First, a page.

P16: Child health and development

PIs: Vollmer (leading), Klasen, Puhani

The global trend of death among infants and children shows a soothing decline in the past decades. However, unveiling the national contributions to this trend shows that in many developing countries infant and child mortality rates and child health deprivations are still severe. However, key intervention during a critical period between pregnancy and before the age of two can substantially reduce child health deficiencies.

The economic rationale behind investments in the very early years of a child?s life lies in the rapidly decreasing returns to investment in human capital over lifetime. Investment in child health at very young ages is effective in improving health, well-being and economic opportunities in adulthood as well as aggregate economic measures. Using secondary data for effective policy analysis is difficult as its quality is often insufficient for a thorough analysis over time and because the analysis is potentially plagued with endogeneity and reverse causality problems. There exists a strong negative correlation between poverty and health working both directions. In this project, we intend to measure the causal effect of maternal and child health interventions by employing randomized controlled trials (RCT).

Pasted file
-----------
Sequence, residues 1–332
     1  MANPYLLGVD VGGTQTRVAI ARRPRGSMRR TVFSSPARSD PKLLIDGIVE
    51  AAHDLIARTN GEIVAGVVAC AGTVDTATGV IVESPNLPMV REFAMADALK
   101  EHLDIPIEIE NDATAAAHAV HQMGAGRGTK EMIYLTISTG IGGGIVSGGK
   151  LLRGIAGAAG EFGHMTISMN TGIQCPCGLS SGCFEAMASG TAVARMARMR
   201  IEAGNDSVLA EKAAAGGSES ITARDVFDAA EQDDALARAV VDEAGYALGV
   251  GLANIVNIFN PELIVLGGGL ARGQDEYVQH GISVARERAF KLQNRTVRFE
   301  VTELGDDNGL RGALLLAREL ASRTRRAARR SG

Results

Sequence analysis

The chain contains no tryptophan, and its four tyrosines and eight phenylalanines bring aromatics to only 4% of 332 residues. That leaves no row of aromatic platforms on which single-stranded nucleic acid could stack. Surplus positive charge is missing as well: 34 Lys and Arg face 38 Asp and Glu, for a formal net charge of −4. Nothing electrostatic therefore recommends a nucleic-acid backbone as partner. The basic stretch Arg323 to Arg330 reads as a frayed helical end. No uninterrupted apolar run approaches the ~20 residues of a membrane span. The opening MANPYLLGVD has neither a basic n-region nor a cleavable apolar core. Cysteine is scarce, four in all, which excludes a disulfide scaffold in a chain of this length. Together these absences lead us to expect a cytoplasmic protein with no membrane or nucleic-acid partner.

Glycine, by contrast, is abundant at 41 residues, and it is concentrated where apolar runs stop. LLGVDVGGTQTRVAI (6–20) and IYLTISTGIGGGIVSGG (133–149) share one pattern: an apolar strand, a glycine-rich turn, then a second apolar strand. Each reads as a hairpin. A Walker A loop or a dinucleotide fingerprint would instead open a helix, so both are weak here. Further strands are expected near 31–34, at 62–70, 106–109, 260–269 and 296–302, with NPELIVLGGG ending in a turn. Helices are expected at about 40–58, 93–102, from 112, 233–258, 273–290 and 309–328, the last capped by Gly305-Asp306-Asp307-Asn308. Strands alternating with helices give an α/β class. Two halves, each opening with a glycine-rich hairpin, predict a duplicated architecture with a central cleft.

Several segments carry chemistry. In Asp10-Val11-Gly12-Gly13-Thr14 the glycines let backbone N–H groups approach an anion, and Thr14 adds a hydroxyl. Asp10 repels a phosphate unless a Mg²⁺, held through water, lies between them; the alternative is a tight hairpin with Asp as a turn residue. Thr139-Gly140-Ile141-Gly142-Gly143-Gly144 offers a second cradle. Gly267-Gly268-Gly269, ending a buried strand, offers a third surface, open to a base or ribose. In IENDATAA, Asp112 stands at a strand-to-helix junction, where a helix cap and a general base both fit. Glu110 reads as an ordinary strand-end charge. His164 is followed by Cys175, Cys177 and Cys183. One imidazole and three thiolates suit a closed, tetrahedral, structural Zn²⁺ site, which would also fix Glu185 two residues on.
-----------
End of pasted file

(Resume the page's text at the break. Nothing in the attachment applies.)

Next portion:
Potential dissertation topics in the second phase are:

  • Traditional versus modern health treatments: Choices, combinations, incentives
  • Cognitive child development: Medium-term effects of a cognitive development early childhood intervention
  • Prenatal health: Effects of pre-natal nutrition treatments on mother and child health